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Posts tagged ‘Medieval Fair in Norman Oklahoma’

What’s going on in Oklahoma: Weekend of April 1st- 3rd

Looking for something to do this weekend, here’s a list of activities going on around Oklahoma. As always, check on the status of the event first. They can get cancelled at the last minute for any reason.

Rendezvous at Fort Washita- Durant- Apr 1st– 3rd

First Friday- Enid- Apr 1st

Farm Expo- Woodward County Event Center- Apr 1st– 3rd

Beats, Brews and BBQ- Wagoner- Apr 1st– 2nd

First Friday Gallery Walk- Oklahoma City Paseo Arts District- Apr 1st

Azalea Festival- Muskogee Honor Heights Park- Apr 1st– 30th

Dogwood Days Festival- Idabel- Apr 1st– 2nd

Crawfish Festival- Tahlequah- Apr 1st– 2nd

April Fools Mountain Bike Festival- Medicine Park- Apr 1st– 3rd

Vintage Market Days- Norman Cleveland County Fairgrounds- Apr 1st– 3rd

Green Country Spring Fling- Tulsa Expo Square- Apr 1st– 3rd

Medieval Fair- Norman Reaves Park- Apr 1st– 3rd

El Reno Town-Wide Garage Sale- El Reno- Apr 1st– 3rd

Stillwater Home and Garden Show- Stillwater Payne County Expo Center- Apr 2nd– 3rd

Shop 66 Saturdays- Tulsa- Apr 2nd

Southwest Farm and Home Expo- Elk City Convention Center- Apr 2nd– 3rd

Alpaca Farm Days- Newcastle- Apr 2nd

Oklahoma Wind Festival- Oklahoma City Scissortail Park- Apr 2nd

Opening Day Farmers Market at Scissortail Park- Oklahoma City- Apr 2nd

Friends of the Library Book Sale- Yukon Mabel C Fry Public Library- Apr 2nd

Doggy Easter Egg Hunt- Mustang Dog Park- Apr 2nd

Saturday Norman Farm Market- Norman The Well- Apr 2nd

Drumright Monthly Market- Drumright- Apr 2nd

Trail of Tears Art Show- Tahlequah Cherokee Springs Plaza- Apr 2nd– 30th

Corvette Expo- Enid Chisholm Trail Expo Center- Apr 2nd

Made in Oklahoma Festival and Car Show- Seminole Municipal Park- Apr 2nd

Claremore Kennel Club Dog Show- Claremore Expo Center- Apr 2nd– 3rd

Spring Steam Train Rides- Oklahoma City Oklahoma Railway Museum- Apr 2nd– 3rd

Redbud Classic- Oklahoma City- Apr 2nd– 3rd

Medieval Fair in Norman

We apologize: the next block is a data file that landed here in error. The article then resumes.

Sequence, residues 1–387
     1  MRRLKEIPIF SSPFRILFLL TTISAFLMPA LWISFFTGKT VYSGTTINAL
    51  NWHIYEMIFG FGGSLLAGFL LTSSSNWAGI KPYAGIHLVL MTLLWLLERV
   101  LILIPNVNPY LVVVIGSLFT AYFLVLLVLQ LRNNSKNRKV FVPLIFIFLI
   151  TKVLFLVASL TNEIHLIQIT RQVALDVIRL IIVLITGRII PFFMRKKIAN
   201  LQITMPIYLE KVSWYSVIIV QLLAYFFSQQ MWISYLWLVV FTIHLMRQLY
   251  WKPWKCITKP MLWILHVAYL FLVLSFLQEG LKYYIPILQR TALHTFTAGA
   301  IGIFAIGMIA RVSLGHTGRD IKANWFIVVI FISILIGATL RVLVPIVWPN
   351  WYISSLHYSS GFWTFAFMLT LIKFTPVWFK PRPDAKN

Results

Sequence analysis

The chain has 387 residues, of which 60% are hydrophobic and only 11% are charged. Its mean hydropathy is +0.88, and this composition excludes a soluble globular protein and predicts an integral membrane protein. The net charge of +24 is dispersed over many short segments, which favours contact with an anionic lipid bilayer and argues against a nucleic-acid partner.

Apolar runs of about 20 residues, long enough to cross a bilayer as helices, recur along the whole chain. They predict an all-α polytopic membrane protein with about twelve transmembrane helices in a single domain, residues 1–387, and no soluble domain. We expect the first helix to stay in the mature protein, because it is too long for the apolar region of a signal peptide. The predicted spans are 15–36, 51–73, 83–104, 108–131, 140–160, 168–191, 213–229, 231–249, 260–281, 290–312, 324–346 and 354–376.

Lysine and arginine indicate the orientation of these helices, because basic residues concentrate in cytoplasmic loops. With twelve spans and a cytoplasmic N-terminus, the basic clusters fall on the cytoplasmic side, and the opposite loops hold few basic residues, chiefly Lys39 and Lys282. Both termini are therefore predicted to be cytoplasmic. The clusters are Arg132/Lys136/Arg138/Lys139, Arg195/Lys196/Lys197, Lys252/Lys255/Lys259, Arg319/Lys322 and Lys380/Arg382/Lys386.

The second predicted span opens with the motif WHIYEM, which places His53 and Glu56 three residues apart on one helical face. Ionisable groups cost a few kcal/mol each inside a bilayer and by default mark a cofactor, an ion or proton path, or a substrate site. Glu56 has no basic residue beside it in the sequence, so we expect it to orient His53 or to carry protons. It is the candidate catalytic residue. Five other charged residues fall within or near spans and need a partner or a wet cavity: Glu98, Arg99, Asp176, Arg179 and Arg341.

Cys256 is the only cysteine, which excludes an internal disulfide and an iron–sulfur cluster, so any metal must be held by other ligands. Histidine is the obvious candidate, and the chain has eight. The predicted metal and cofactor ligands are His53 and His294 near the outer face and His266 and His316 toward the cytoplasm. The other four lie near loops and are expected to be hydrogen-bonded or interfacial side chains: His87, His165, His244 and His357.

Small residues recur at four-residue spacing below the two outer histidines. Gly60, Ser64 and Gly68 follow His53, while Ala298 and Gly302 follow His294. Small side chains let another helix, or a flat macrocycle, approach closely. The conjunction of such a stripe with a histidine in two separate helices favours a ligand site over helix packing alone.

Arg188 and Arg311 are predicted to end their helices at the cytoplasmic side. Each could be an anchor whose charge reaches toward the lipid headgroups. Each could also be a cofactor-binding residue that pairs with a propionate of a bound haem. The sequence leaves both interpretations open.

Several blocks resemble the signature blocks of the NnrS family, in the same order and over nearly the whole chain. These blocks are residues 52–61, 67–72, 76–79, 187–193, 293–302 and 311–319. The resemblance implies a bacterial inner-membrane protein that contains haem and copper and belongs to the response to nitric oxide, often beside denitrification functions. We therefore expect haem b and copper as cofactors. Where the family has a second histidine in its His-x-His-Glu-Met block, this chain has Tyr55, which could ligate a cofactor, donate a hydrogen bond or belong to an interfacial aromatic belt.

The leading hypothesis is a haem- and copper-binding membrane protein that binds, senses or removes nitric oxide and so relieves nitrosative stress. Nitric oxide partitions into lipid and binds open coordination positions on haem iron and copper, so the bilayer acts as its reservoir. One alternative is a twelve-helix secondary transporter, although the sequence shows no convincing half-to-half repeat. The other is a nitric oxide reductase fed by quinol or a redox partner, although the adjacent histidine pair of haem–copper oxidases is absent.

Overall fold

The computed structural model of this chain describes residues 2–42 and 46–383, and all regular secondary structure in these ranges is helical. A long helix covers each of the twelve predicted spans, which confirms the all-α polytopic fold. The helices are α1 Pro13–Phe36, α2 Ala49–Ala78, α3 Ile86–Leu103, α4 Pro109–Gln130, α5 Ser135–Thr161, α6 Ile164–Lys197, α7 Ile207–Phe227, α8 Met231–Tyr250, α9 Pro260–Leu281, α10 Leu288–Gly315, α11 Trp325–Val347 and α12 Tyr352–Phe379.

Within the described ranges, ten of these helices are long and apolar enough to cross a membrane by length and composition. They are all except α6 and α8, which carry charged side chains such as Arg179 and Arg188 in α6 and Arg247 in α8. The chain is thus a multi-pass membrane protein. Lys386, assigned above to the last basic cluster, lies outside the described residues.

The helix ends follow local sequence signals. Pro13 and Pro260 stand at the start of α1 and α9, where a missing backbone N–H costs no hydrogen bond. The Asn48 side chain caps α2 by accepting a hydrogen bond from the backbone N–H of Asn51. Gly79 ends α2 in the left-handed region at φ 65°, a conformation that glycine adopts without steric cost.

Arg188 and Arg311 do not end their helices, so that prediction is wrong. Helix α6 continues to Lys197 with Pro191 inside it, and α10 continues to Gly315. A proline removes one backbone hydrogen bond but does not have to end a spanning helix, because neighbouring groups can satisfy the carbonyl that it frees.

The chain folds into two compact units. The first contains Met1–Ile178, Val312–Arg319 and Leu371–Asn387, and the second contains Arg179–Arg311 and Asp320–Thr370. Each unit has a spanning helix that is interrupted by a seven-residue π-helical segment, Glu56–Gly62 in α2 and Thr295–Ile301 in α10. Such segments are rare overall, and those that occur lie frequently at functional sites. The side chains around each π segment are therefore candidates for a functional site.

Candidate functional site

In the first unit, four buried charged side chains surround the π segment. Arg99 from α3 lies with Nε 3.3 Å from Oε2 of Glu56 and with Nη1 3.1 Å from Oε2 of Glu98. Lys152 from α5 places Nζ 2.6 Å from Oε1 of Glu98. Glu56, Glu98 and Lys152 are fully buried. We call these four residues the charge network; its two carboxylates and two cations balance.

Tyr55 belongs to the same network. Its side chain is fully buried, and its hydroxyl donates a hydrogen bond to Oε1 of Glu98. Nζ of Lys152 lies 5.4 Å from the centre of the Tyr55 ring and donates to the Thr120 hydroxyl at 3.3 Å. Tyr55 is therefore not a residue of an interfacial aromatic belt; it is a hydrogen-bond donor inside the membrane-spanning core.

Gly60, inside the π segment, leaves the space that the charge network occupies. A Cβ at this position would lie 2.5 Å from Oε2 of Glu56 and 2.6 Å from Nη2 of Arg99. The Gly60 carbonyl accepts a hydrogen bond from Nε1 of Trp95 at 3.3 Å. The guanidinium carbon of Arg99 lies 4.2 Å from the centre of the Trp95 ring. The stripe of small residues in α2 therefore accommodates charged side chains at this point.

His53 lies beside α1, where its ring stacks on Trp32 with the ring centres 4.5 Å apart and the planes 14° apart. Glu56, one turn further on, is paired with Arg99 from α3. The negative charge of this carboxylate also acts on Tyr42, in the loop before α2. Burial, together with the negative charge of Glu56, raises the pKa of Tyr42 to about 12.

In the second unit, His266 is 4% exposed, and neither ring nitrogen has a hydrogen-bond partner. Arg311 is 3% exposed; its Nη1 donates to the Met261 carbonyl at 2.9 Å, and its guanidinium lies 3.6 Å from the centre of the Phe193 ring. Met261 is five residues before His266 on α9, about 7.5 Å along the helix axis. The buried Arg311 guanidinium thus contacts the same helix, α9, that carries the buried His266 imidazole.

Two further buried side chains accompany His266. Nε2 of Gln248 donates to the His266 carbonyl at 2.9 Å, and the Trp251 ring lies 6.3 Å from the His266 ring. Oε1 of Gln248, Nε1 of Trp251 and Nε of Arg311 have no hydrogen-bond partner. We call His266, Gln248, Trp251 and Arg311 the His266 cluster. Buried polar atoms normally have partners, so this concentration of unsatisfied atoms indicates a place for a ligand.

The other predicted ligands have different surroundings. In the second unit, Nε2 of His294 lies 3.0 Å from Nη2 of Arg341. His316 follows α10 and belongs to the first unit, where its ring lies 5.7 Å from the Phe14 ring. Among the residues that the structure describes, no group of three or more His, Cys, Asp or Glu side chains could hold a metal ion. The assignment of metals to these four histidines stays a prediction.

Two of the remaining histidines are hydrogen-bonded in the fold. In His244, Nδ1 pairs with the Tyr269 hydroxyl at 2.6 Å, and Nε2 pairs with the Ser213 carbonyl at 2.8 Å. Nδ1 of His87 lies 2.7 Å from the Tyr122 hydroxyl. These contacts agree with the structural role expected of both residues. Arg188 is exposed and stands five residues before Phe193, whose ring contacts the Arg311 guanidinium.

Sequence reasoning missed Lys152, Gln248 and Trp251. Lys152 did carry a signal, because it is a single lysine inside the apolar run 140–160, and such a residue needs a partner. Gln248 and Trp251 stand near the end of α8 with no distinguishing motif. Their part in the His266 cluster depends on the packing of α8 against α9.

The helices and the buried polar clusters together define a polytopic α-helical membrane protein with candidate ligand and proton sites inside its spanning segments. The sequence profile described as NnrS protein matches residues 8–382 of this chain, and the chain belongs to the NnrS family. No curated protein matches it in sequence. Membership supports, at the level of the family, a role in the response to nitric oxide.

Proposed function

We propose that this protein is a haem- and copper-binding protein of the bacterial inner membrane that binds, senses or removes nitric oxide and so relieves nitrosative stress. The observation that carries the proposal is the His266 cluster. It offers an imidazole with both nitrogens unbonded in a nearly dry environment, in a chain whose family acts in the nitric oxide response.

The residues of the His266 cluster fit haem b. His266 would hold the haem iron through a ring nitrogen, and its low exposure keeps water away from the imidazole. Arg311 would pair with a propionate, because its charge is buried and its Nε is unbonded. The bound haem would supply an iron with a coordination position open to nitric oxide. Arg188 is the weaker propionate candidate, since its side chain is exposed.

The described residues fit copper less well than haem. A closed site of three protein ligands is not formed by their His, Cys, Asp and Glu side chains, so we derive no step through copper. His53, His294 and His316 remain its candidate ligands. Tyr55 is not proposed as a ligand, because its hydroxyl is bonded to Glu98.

Owl at Medieval Fair in Norman 8

Owl at Medieval Fair in Norman.  2015

In Oklahoma, the winter can be cold and boring.  That’s why so many of us look forward to spring and all the activities it brings.  Not long after spring break in March the festivals and fairs begin.  One of the best has been held in Norman at the beginning of April for the past 40 years- the Medieval Fair.

This event was started in 1977 by the English department at the University of Oklahoma.  It was just a one day event held on the South Oval in celebration of the birth of William Shakespeare.  After a few years the popularity of the fair forced it to be moved to the Duck Pond and expanded to two days.  This is how I first remember the fair- I was 15 and as part of my high school English assignment we had to go experience the fair.  There were demonstrations on how to use ancient weapons, exhibitions on medieval clothing,  and a mermaid perched near the stone bridge over the pond.  The crowds were still small but that would change in just a few years.  As a student at OU, I went again in the early 1990’s.  There were more people, most dressed in costume, and vendors selling clothing and fake weapons.  I didn’t go back until 1999 when I tried to take my husband for his first visit, but the crowds were so big you could hardly even see the pond.  We drove by slowly on Lindsay Street and left.

The University and the city of Norman obviously noticed this as well because in 2003, it was moved about a mile south to Reaves Park.  You would think being in a bigger park would help spread the crowds out but I think it just invited more to attend.  In 2007 I finally took my husband with Mae now in tow for their first trip, now we try to go every other year.  This year just happened to have a nice Saturday, so we went.

We got there nice and early to get a good parking spot at the Lloyd Noble Center.  The fair itself is free, but the University charges five dollars to park across the street from Reaves Park.  Once you enter the fair, you can find almost anything you want as long as it’s from the middle ages.  There is an archery stand set up so you can pretend to be Robin Hood, fortune tellers more than happy to tell you what you want to hear about your future, and lots of vendors selling everything from costumes and jewelry to leather and metal goods.  Of course there is also a huge selection of food vendors and that’s where we started.  Yeah, they have the corn dogs, turkey legs, and funnel cake but we wanted something else so we stopped at Helmut’s Strudel.  Mae had an apple strudel while me and my husband shared a Bavarian cheesecake strudel along with a spinach and cheese puff pastry.  It was a good “breakfast” to start with, then we just wandered around, enjoying the atmosphere.  Since Mae is getting more interested in clothing, she had to stop and look at the dresses and corsets for sale.  My husband took a liking to some of the mock medieval weapons, he might need some since Mae is starting to attract male suitors.  But for all the stuff being sold, there are still plenty of reenactments of life in the middle ages.  We watched “knights” doing battle, belly dancers, Irish step dancers, minstrels, and a real jousting exhibition.  The cool part of this fair is that even with the big crowds, the majority are dressed up in costume.  Just about everywhere you look you can find knights, lords and ladies of the court.  Even though there is no pond, you can find mermaids sitting in a ship.

Overall the Medieval Fair in Norman is a lot of fun for everyone.  So set aside the first weekend in April so you can venture back in time for just a while.

 

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